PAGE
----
- As a catalyst in the manufacture of ethylene oxide, an important raw material in the production of plastics;
- In the silver plating of metals and plastics;
- In the manufacture of indelible printing inks;
- For hair dye; and
- As a flower preservative, a process that involves adding a small amount of silver nitrate solution to the water in which flowers are stored.
Silver nitrate is an irritant that can cause inflammation and burning of the skin, eyes, and respiratory system. It is also toxic by ingestion. In sufficient amounts, silver nitrate can cause severe damage to the respiratory tract and lungs, blindness, and even death. Solutions of silver nitrate can stain the skin dark purple or black, although such stains do not necessarily indicate that serious damage has occurred.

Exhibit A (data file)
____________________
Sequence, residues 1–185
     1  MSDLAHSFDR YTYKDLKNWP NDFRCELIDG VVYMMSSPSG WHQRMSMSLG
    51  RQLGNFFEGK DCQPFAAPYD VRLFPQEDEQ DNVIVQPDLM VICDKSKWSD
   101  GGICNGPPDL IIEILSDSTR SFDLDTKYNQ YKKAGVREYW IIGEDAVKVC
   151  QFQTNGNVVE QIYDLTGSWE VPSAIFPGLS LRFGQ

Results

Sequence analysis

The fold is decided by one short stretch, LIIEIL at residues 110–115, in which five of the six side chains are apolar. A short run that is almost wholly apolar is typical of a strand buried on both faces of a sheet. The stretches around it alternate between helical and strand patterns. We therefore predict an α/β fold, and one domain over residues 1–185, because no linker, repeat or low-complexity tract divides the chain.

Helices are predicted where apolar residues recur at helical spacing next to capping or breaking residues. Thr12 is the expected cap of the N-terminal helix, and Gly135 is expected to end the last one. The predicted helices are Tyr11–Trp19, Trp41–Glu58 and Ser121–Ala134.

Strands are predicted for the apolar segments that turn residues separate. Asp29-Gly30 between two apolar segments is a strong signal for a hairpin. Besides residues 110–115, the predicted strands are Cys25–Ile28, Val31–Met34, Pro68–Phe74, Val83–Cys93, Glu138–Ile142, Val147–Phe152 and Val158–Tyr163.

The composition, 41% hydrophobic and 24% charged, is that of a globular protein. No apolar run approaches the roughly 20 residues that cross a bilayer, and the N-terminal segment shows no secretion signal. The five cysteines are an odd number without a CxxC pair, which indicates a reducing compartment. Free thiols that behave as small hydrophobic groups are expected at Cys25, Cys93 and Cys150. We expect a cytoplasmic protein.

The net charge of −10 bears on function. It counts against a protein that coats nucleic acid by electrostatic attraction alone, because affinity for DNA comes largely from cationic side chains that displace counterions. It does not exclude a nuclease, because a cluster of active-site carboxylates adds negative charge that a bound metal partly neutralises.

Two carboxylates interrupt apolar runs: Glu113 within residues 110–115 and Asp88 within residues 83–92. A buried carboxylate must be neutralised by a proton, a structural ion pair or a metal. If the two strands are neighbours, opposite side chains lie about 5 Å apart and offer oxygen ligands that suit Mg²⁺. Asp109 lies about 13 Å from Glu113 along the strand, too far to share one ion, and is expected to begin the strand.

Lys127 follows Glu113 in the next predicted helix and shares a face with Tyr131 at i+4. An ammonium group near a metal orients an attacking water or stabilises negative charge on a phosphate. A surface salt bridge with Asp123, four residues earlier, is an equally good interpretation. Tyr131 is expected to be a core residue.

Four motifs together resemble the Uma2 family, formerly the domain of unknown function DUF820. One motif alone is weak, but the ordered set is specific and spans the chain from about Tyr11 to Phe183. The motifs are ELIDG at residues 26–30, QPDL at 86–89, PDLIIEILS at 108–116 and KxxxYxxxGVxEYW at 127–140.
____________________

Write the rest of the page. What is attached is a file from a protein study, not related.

Words to Know
- A chemical that prevents the growth of bacteria and viruses that cause disease.
- Referring to solution that consists of some material dissolved in water.
- A material that increases the rate of a chemical reaction without undergoing any change in its own chemical structure.
- A temporary mixture of two liquids that normally do not dissolve in each other.
- THERAPEUTIC DRUG
- A compound that has healing properties.
FOR FURTHER INFORMATION
Dunn, Peter M. "Dr Carl Credé (1819–1892) and the Prevention of Ophthalmia Neonatorum." Archives of Diseases in Childhood (September 2000): F158-F159. Also available online at http://fn.bmjjournals.com/cgi/content/full/83/2/F158 (accessed on November 5, 2005).
Grimm, Tom, and Michele Grimm. The Basic Book of Photography. New York: Plume Books, 2003.
Patnaik, Pradyot. "Silver Nitrate." Handbook of Inorganic Chemicals. New York: McGraw-Hill, 2003, 841-842.
"Silver Nitrate." New Jersey Department of Health and Senior Services. http://nj.gov/health/eoh/rtkweb/1672.pdf (accessed on November 5, 2005).
See AlsoCellulose Nitrate; Silver Iodide